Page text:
HENRY GUERTIN-OUELETTE, PhD
EUGENE GLICK, MD
I’m a brown shoe Army vet and I’m ashamed, angry and damn angry. The way I see it, those folks made a promise to risk their lives for us, and in return we promised to take care of them if they got hurt. Well, they didn’t break their promise. But we did.
Crystal Lake, Ill.
I am a veteran, my brother is a veteran and my son is a veteran, and I am outraged. The good news is that a veterans’ advocate, such as a Disabled American Veteran Representative, can file that veteran’s claim and beat that designation. Unfortunately the re-enlistment code and reason for discharge cannot be removed except by a board of that branch of service. This requires a petition, then a long wait with few positive results. If you think that’s infuriating, I have seen the personality disorder designation given to female rape victims so they will be discouraged from filing for VA benefits or pursuing their claims in civil court.
KAREN T. METER
This article is so incredibly upsetting, I fear I can’t adequately express my anger and shame about it. My husband was in the Army for more than twenty-six years (and we loved Army life). But there’s an old saying that is all too true, then and now: “Nothing is too good for our brave men and women in uniform, and that’s exactly what we’re going to give them. Nothing.” Where’s the outrage? Are the parents and spouses of these soldiers being scared into silence? Where’s Congress in all this? Most important, where can I sign up to protest this disgraceful treatment?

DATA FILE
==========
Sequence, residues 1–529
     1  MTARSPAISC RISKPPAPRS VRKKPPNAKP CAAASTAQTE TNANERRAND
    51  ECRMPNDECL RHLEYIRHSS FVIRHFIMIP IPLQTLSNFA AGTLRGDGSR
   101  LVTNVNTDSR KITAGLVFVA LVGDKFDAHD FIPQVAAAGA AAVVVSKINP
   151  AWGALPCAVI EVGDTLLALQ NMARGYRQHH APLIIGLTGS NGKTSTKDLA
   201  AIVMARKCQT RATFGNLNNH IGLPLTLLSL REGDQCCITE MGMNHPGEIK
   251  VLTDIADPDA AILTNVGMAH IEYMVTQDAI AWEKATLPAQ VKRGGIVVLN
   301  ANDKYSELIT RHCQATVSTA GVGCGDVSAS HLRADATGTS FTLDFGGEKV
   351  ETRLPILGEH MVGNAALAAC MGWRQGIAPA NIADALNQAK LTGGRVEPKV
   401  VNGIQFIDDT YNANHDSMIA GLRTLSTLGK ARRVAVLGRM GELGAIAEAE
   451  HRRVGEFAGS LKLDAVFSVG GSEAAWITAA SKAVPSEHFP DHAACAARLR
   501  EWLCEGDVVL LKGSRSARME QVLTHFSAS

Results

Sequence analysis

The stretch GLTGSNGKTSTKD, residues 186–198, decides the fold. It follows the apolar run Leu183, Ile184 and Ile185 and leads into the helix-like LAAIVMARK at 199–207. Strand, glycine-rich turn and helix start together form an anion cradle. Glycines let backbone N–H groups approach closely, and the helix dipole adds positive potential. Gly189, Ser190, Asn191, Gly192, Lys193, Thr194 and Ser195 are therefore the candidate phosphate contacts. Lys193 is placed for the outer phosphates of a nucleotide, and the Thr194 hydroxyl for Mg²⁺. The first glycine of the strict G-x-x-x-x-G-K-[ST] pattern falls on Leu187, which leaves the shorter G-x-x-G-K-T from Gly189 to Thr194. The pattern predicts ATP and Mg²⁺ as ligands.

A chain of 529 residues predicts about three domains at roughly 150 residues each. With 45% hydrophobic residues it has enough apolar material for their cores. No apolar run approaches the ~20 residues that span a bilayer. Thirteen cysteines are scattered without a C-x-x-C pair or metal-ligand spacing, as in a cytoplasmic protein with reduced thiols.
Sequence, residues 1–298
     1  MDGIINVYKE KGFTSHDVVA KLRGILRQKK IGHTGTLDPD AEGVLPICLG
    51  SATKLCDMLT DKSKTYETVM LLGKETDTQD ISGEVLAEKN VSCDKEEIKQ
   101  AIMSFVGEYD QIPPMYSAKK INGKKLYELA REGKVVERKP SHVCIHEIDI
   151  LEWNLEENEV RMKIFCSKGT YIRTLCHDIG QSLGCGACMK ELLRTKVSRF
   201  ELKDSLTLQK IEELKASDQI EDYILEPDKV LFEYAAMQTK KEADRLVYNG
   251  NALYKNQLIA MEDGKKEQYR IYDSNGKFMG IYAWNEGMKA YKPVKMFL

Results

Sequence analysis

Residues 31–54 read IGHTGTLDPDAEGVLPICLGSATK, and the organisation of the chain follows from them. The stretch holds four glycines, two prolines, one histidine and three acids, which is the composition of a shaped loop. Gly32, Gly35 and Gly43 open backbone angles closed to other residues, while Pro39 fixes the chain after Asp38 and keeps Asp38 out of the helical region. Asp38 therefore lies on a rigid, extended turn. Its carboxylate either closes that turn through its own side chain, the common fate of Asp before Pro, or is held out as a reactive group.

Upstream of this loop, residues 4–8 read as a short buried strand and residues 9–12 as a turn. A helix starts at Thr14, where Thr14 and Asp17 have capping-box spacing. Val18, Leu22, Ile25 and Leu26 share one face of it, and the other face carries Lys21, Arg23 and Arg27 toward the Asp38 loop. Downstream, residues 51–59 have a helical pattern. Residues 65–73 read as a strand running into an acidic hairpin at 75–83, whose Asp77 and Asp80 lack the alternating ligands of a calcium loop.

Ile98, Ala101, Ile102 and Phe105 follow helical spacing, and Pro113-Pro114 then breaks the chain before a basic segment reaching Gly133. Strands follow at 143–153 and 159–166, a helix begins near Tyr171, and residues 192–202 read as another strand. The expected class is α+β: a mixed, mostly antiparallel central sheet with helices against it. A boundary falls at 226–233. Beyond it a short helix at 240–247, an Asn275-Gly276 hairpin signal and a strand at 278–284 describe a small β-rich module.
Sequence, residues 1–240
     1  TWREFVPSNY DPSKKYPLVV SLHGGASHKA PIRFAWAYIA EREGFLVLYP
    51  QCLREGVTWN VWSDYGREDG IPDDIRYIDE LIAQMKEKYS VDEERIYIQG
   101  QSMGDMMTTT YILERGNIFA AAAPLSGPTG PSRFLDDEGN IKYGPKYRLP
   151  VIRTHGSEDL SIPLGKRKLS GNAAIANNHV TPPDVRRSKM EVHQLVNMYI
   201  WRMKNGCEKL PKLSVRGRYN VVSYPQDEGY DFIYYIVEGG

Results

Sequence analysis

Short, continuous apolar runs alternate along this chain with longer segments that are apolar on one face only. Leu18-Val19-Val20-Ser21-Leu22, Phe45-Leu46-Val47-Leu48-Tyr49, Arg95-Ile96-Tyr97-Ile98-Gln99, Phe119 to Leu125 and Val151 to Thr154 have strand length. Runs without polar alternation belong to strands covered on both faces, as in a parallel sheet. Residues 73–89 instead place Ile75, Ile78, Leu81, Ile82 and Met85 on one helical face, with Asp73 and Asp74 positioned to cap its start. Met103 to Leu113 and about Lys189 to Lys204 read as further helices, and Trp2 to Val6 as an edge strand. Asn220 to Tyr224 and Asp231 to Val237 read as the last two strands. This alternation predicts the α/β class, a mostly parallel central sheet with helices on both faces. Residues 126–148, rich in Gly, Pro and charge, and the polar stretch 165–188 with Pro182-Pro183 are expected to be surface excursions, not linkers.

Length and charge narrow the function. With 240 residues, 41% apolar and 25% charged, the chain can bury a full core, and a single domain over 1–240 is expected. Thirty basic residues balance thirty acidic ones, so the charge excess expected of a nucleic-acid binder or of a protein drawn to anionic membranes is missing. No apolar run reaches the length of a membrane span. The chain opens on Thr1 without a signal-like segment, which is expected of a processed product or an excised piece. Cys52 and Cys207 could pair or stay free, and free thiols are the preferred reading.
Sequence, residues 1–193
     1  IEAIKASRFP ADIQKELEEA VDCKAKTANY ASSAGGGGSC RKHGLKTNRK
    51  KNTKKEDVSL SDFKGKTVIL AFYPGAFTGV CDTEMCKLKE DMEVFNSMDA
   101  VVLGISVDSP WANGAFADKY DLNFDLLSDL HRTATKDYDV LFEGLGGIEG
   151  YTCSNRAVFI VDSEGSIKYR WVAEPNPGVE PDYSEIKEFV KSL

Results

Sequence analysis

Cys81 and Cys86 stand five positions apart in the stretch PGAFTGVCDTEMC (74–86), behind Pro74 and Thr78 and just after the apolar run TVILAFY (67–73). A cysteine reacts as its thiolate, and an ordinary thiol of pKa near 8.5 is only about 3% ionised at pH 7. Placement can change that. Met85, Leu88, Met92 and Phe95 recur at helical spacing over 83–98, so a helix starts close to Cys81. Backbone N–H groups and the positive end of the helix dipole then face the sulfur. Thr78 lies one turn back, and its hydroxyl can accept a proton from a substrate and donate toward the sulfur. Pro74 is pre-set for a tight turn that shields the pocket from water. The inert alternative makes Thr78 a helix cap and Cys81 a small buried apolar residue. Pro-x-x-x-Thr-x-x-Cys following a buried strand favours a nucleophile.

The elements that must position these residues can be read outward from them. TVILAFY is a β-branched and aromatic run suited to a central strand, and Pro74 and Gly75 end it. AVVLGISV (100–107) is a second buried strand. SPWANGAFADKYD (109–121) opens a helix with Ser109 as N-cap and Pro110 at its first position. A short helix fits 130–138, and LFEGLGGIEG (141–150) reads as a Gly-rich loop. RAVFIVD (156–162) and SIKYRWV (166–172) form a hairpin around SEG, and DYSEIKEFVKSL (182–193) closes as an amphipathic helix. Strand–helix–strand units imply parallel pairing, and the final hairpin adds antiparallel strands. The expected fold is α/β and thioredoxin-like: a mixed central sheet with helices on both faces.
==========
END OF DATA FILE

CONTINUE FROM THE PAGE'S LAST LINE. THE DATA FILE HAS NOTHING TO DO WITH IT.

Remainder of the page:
So the screwing goes on. My father was an atomic veteran, sent in twenty-four hours after the bomb blast in Bikini. I had to help him fight to get information on atomic veterans’ benefits. I was stationed in Thailand during Vietnam in the bomb dump. Picture this area with absolutely no vegetation in the middle of the jungle. When I got out I started hearing about Agent Orange and went to the VA to be put on the Agent Orange registry. They wanted to deny me, saying they had no records of herbicides used in Thailand. Well, I pitched a big fit and finally got on the registry. Just last year the Defense Department admitted to the use of herbicides, not only in Thailand but in the States also. So you see, the military just wants your body. The higher-ups continue to be bought off with overgenerous salaries and benefits. I am sorry for the Iraq veterans and what they are going through. One more reason to get rid of Bush and his band of thugs.
My father is 85 and a World War II veteran. He received the same treatment. His wounds were called “pre-existing conditions,” and he was told he’d get only 10 percent disability, but he never received it, and he gave up trying. A few years ago he joined a veterans’ group that showed him how to get his benefits from long ago. He eventually received 100 percent disability, was reimbursed what was due, paid off all his bills and continues to receive it.